The Best Ways to Connect in Just 10 Minutes with Kids of All Ages To start this year, since so many people would like to have more patience or more connection with their kids, I am sharing a small piece of my online course, Everyday Connections. You can join the wait list for next time time course is held right here. Special Time - Special time is a simple concept with big results. The good news is this doesn’t even require boat loads of patience. How can just ten minutes together have an impact? The short time period is what makes Special Time so powerful. Ten minutes is enough to get you started, to give you moments of joy with your children that lead you to want to create those moments more often. My Favorite 10 Minute Activities for Connecting With Kids Conversation Opportunities to open a dialogue with your child can happen when you’re working on a project or doing a chore together, going on a walk, or taking just one child on an errand. Family Contributions Certain things just have to get done. Make your own list of ways to connect with you kids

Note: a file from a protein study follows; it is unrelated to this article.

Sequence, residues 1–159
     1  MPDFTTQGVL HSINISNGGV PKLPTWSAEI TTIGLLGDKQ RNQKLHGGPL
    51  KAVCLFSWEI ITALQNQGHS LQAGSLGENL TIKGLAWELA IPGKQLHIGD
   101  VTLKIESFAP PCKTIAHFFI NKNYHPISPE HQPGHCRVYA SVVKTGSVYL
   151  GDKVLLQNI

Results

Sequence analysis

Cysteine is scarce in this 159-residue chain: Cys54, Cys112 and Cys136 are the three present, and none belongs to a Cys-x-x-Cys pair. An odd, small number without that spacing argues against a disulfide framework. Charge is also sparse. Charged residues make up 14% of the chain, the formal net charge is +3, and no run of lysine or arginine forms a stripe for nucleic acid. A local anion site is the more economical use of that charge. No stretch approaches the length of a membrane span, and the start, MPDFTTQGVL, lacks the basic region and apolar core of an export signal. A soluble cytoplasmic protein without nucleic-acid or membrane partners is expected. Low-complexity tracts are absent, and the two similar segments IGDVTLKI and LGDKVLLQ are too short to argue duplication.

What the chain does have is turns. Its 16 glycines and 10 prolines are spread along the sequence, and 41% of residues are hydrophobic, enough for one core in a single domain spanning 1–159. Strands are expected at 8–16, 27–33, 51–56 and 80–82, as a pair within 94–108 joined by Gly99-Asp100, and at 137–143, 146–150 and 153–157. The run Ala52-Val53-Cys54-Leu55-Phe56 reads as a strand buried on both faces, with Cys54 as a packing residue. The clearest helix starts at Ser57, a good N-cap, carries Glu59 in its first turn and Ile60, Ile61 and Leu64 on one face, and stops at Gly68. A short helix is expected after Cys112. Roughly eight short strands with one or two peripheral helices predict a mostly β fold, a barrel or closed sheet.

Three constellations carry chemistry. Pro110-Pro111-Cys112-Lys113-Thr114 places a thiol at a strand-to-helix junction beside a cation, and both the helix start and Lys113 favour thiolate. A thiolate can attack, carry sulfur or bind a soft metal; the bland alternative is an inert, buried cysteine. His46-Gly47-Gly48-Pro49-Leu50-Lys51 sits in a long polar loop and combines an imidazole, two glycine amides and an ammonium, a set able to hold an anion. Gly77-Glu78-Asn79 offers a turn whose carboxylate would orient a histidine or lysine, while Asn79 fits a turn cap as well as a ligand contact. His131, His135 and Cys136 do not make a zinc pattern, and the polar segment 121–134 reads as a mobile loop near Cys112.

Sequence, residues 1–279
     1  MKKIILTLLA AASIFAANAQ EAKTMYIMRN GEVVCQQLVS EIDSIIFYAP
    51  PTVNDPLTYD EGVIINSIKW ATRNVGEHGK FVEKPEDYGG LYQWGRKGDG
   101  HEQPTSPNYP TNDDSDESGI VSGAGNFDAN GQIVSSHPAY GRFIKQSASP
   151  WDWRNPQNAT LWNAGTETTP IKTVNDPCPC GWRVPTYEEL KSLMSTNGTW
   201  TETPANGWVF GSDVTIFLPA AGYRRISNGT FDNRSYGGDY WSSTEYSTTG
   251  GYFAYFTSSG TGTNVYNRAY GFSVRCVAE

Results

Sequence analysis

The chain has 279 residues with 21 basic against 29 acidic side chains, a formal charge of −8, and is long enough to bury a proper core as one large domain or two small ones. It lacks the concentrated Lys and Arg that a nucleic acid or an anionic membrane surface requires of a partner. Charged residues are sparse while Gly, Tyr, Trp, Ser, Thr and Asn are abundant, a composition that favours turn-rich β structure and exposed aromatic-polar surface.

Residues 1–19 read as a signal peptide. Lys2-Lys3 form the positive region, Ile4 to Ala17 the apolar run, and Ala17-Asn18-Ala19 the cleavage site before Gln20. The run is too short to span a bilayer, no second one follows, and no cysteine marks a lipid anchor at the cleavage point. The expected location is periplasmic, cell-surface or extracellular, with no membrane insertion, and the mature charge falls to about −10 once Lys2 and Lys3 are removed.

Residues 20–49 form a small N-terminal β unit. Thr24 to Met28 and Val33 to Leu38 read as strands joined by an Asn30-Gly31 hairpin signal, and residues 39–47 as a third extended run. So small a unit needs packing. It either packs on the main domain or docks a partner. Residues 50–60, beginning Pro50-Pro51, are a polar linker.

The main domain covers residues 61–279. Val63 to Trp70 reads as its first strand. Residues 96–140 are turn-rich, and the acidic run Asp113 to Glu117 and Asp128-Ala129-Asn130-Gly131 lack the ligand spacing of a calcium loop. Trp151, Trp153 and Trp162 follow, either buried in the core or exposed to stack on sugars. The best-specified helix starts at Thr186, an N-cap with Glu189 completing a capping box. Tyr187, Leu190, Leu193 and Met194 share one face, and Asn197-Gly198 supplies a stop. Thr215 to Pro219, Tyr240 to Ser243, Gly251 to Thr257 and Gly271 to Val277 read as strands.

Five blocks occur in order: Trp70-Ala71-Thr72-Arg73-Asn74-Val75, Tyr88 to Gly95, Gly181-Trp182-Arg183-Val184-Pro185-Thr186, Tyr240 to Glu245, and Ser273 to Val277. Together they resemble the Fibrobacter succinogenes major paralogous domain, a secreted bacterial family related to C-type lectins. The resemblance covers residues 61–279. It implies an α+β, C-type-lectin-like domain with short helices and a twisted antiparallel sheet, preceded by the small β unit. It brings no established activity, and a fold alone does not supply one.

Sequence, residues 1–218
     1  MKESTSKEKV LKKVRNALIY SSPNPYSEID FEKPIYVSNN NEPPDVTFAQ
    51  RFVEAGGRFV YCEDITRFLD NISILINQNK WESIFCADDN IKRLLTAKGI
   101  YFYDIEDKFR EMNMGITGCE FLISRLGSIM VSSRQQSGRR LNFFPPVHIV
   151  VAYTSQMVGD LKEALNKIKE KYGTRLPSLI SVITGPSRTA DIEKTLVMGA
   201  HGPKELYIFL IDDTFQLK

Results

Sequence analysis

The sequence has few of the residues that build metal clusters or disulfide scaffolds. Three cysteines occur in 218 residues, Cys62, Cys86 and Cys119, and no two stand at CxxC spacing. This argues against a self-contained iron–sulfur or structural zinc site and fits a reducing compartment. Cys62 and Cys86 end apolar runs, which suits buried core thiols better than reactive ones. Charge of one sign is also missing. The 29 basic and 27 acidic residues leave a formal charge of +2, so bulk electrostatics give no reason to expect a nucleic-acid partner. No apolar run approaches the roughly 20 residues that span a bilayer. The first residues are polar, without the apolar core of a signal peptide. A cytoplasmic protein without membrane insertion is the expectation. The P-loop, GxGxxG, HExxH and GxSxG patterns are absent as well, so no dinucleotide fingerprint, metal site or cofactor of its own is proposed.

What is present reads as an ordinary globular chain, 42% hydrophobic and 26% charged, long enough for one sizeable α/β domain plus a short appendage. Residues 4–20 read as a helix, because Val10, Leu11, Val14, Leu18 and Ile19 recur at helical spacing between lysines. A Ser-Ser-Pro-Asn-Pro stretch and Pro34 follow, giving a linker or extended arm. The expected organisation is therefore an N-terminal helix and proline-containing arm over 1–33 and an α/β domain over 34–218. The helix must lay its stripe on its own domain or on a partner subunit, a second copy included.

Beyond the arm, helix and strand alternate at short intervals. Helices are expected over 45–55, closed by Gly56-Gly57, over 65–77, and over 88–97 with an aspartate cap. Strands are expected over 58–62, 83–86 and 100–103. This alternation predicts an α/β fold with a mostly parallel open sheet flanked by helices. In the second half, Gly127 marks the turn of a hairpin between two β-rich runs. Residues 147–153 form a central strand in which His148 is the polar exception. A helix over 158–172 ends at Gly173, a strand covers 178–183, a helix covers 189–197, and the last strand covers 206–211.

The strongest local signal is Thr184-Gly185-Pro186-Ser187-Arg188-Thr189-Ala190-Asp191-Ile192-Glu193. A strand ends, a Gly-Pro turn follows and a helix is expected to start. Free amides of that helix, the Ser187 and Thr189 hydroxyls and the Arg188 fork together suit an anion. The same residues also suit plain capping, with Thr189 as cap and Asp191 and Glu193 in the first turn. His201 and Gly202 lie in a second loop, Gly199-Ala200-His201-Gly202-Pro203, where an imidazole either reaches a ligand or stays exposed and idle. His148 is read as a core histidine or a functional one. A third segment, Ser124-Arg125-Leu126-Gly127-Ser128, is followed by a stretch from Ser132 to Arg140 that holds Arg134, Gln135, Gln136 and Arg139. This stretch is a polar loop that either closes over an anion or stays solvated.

Map of the percentage of people speaking English in the EU by country Tip: Did you know that the plural of “sheep” is “sheep”, not “sheeps”? Learn more about the most common grammar mistakes in English (PDF version). Some native English speakers’ attitude towards learning foreign languages can be summarized as “why should I learn a foreign language if pretty much everybody speaks English?” While it is true that English is among the most commonly learned second languages in the world, only a small percentage of the world population are able to speak it at a conversational level. Europe is traditionally very English-oriented (in comparison with the rest of the world); almost all EU citizens have had at least some contact with English during their life. However, when it comes to actually speaking it with at least a rudimentary level of proficiency, the numbers are not as much in favour of those with the attitude described above.